We also undergo three further kinds of suffering: at the moment of death we have the suffering of being cut off from life [’chi kha gnad gcod kyi sdug bsngal]. Next, we will experience the suffering of the intermediate state [shi nas bar do’i sdug bsngal]. Later, we will be forced to take rebirth and experience the suffering of the three lower realms [phyi ma ngan song gi sdug bsngal].
Furthermore, there is the suffering of birth [skye ba], old age [rga ba], sickness [na ba], and death [’chi ba]. There is the suffering of losing loved ones [byams pa dang bral gyi dogs pa’i sdug pa], the suffering of meeting enemies [dgra sdang ba dang ’phrad kyis dogs pa’i sdug bsngal], the suffering of not getting what one wants [’dod pa thog tu mi khel ba’i sdug bsngal], and the suffering of encountering what one does not wish to [mi ’dod pa thog tu ’babs pa’i sdug bsngal].
In addition to these there is also the particular suffering experienced by the beings of the six realms [rigs drug so so’i sdug bsngal]: beings in hell are tormented by the suffering of heat and cold [tsha grang gi sdug bsgnal]; pretas suffer from hunger and thirst [bkres skom gyi sdug bsngal]; animals are afflicted with stupidity and ignorance; human beings must endure birth, aging, disease, and death [skye rga na ’chi’i sdug bsngal]; demi-gods struggle with quarreling and fighting [’thab rtsod gyi sdug bsngal]; and even the gods experience the suffering of death and transition [’chi ’pho ba’i sdug bsngal].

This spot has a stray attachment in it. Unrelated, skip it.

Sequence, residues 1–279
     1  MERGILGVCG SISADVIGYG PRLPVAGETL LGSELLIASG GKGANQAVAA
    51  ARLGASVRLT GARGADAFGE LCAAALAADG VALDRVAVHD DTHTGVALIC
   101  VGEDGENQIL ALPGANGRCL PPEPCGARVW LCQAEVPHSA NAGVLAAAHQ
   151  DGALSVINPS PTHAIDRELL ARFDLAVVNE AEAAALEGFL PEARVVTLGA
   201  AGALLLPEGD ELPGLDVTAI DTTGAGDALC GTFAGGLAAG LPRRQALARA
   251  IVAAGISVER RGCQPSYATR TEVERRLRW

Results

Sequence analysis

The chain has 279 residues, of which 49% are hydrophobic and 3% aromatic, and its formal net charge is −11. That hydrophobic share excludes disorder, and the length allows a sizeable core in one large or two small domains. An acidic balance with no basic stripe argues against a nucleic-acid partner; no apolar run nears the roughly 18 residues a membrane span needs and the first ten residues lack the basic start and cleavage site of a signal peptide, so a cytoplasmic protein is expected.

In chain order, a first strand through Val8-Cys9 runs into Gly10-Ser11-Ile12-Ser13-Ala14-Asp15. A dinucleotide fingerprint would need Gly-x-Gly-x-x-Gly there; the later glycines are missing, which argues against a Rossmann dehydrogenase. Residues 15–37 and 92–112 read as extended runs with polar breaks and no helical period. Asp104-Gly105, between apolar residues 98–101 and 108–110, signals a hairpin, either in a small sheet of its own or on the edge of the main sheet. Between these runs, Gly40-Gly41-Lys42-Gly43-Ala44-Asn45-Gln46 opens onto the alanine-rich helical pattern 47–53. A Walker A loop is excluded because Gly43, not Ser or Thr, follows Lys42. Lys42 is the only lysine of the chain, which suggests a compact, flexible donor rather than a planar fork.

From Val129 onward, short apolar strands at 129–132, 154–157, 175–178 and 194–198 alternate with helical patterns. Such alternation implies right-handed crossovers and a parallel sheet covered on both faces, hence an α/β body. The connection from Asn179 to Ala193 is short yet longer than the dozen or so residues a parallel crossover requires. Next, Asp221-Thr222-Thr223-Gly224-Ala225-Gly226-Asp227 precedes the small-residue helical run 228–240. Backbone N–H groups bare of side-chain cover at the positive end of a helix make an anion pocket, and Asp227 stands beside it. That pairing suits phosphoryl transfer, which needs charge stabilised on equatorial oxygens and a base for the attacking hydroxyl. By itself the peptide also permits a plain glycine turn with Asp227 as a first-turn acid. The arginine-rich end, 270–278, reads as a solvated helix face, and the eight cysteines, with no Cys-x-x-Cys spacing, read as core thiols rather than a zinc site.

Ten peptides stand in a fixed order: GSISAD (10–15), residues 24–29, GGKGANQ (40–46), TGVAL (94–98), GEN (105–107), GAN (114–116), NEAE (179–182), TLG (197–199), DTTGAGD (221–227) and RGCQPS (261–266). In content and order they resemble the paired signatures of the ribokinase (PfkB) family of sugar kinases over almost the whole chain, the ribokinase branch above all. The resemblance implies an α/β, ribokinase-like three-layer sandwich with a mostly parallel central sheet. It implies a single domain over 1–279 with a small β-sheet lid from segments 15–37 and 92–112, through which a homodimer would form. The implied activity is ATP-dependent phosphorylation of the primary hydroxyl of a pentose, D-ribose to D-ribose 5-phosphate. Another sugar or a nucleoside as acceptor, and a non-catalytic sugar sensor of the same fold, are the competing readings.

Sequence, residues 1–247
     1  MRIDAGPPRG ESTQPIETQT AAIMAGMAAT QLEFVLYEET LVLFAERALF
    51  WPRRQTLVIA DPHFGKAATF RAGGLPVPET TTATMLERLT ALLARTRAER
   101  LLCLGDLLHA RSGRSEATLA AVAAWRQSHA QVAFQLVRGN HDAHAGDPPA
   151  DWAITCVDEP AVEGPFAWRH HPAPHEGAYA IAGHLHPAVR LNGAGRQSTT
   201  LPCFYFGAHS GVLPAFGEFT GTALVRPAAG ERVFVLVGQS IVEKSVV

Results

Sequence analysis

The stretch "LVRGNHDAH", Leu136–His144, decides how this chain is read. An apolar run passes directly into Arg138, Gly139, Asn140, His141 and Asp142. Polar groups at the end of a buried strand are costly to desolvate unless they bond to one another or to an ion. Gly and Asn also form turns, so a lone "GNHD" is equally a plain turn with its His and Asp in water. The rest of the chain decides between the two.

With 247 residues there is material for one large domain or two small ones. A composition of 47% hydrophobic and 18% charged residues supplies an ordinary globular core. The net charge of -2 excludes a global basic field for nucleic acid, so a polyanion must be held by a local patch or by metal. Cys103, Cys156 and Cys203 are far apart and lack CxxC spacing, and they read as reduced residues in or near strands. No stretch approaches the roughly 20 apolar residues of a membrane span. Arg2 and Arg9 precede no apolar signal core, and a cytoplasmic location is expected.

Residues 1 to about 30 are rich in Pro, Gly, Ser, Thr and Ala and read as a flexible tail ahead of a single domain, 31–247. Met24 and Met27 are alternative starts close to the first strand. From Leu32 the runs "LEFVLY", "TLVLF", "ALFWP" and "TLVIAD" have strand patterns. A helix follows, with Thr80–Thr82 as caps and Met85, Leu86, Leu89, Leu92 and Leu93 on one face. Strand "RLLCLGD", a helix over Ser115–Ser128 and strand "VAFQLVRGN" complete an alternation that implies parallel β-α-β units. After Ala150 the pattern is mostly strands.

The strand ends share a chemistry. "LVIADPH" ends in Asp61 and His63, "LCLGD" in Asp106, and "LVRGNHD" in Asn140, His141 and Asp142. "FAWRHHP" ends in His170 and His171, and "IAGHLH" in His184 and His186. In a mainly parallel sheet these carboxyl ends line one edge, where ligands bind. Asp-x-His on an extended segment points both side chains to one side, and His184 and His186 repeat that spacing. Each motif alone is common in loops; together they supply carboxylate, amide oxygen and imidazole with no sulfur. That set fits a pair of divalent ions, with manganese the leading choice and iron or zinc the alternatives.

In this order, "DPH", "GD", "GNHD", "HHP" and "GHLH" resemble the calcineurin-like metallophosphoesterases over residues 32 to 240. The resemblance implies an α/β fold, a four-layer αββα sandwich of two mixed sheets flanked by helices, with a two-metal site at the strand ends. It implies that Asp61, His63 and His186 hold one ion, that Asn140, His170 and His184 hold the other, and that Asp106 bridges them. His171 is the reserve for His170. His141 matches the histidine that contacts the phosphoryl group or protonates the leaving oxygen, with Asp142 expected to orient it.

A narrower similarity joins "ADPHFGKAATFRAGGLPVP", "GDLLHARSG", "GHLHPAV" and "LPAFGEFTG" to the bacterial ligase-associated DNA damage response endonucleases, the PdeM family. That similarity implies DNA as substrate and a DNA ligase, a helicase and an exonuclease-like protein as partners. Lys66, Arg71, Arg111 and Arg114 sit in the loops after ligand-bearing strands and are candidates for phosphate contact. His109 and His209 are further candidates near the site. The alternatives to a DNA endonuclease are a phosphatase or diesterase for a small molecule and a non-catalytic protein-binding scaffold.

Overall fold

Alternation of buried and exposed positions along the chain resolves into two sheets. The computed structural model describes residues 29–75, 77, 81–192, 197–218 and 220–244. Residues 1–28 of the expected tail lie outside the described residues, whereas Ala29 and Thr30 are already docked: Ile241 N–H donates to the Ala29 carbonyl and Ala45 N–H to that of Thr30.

The causes of all these types of suffering [sdug bsngal gyi rgyu] are karma and afflictions [las dang nyon mongs pa]. The cause of karma is afflictions. The root of afflictions is ego-clinging [bdag ’dzin]. To identify the causes of suffering is the intent of the truth of origination [kun ’byung gi bden pa]. The method [thabs] of overcoming the origination of suffering is known as the truth of the path, while the result of having overcome the origination of suffering brings one to the truth of cessation.
If one takes refuge in the dharma, one is taking refuge in the truth of cessation and the truth of the path, and not in the truth of suffering and the truth of origination. The truths of suffering and its origination are part of the dharma, but they are what must be overcome [spang bya] or transcended and, therefore, are not themselves objects of refuge. Suffering and the origination of suffering by themselves are not the dharma. They become the dharma only when overcome.